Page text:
What are your “UMS” doing for you?

Once upon a time, in the dark dark past …

– no it wasn’t dark as in scary or bad – I had a fabulous time. I learned and enjoyed and created and learned and enjoyed. I mean dark as in dim in the memory and maybe even “Dark Ages”

… I was a member of a speaking club called Toastmistress.

International, liberating, polishing, encouraging, teaching … and much much more, was Toastmistress.

As members of the organisation, we were discouraged, severely, from using “ums” – or any other filler – for that matter. There was often a “Grunts Mistress” (don’t you dare snicker!!) whose sole job was to count the ums (or grunts) and we were fined for them. It was a fabulous exercise in that it taught me to speak fluently – without fillers. It was a terrible exercise in that it made me hyper-aware of every um any speaker ever uses.

umSo now that um has become a trendy part of so much of our speaking, both on-stage and off-, it is making me really think about its place in speaking. I still think we need to learn to speak fluently without fillers, and that the skill is a powerful contribution to our success as speakers. I also think that it can be a hindrance if the content of a speech is in any way not engaging and if it is repeated way too much.

(And if another sports person begins their answer to an interview question with “Look …”, I will …. do something serious.)

I also still think we need to be aware of just how we are using our ums.

Yes, many of us use them when we are thinking. It signals that we are thinking.

Many of us use them to begin a new point or section of the speech. It signals a change or something new, a new thought.

And now I have just become aware of another use.

It happened to be Brene Brown who made me aware of it. I love her speaking – the content, as well as the authentic delivery style she has. Part of the self-effacement of that style is the use of um following something humorous. So I get the impression that what the um is signalling is “I have just said something that you might think is funny. I’ll wait in case you want to laugh.”

And since noticing this phenomenon in that TED talk, I have seen it several times since – used by comedians as well.

My internal response is to think that yes, it would be so much better if you had just paused.

Pauses are powerful.

… or just used a face/body gesture

…. or a foregrounding tool of some sort.

But the um did the job, in a haphazard kind of way.

Just as we need to be constantly using bits of our brains to watch ourselves as we speak, so we need to be aware of how we are using ums. Run your internal camera or use a piece of video machinery. If you are happy to choose an um to signal that you are thinking, or that you are introducing a new topic, or that you are allowing time for humour to sink in, then make that choice.

But make sure it suits your style, and the image you want to present, and doesn’t detract from your engagement and message.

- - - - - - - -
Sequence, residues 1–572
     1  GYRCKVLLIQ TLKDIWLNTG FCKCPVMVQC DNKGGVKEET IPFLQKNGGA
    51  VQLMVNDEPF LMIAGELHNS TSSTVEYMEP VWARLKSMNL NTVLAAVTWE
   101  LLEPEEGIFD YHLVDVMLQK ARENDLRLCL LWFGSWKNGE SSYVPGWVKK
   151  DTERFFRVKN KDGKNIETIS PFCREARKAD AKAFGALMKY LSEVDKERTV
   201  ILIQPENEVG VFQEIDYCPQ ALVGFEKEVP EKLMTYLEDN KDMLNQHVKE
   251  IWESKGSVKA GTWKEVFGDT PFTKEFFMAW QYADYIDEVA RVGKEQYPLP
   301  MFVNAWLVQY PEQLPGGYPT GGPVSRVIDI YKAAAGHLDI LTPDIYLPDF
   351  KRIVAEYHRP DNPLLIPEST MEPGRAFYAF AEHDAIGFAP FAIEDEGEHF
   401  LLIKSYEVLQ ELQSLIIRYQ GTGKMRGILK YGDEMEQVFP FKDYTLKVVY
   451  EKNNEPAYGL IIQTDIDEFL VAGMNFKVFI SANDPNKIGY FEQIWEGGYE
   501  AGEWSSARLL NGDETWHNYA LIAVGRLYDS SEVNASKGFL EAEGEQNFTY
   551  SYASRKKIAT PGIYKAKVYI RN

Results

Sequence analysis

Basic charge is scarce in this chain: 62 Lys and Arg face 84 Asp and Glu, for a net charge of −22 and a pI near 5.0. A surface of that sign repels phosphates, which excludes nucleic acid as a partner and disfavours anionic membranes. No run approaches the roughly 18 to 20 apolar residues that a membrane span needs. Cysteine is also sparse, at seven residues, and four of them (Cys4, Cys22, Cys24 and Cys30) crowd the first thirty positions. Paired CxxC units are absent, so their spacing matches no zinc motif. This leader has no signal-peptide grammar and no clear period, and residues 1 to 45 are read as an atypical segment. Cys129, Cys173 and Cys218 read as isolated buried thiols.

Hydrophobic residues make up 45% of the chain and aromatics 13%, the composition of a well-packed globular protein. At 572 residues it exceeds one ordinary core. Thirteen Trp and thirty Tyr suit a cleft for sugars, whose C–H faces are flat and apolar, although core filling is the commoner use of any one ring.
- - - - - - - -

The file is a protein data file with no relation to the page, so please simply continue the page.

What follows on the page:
And make sure you have considered the alternatives that just might be so much more suitable and powerful. I don’t think it’s just my “Dark Ages” training that makes me vote for the latter if it can be achieved at all.

What do you think?

Does the trend to “authenticity”, “rawsomeness” and conversational speaking justify the proliferation of ums?

And I’m sure I’m a latecomer to noticing the use for humour. When did you first notice it?

………………………….

© Bronwyn Ritchie
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Quick Public Speaking Tip – Fillers

Unless your speech if absolutely fascinating, any “pause fillers” you add too repetitiously, like um, or y’know, or OK will start to stand out. They will capture the audience above your speech. Start by listening to others – sports commentators, interviewees on television, anyone speaking publicly. Listen for their fillers then you will learn to listen for your own.

Um. . .: Slips, Stumbles, and Verbal Blunders, and What They Mean

Journalist and language expert Erard believes we can learn a lot from our mistakes. He argues that the secrets of human speech are present in our own proliferating verbal detritus. Erard plots a comprehensive outline of verbal blunder studies throughout history, from Freud’s fascination with the slip to Allen Funt’s Candid Camera. Smoothly summarizing complex linguistic theories, Erard shows how slip studies undermine some well-established ideas on language acquisition and speech. Included throughout are hilarious highlight reels of bloopers, boners, Spoonerisms, malapropisms and eggcorns. The author also introduces interesting people along the way, from notebook-toting, slip-collecting professors to the devoted members of Toastmasters, a public speaking club with a self-help focus.

According to Erard, the aesthetic of umlessness is a relatively new development in society originating alongside advents in mechanical reproduction, but it may be on its way out already. http://bit.ly/XZdPfe

Public Speaking Success Tip – fillers

Unless your speech if absolutely fascinating, any “pause fillers” you add repetitiously, like um, or y’know, or OK will start to stand out.

They will capture the audience above your speech.

Start by listening to others – sports commentators, interviewees on television, anyone speaking publicly.

Listen for their fillers then you will learn to listen for your own.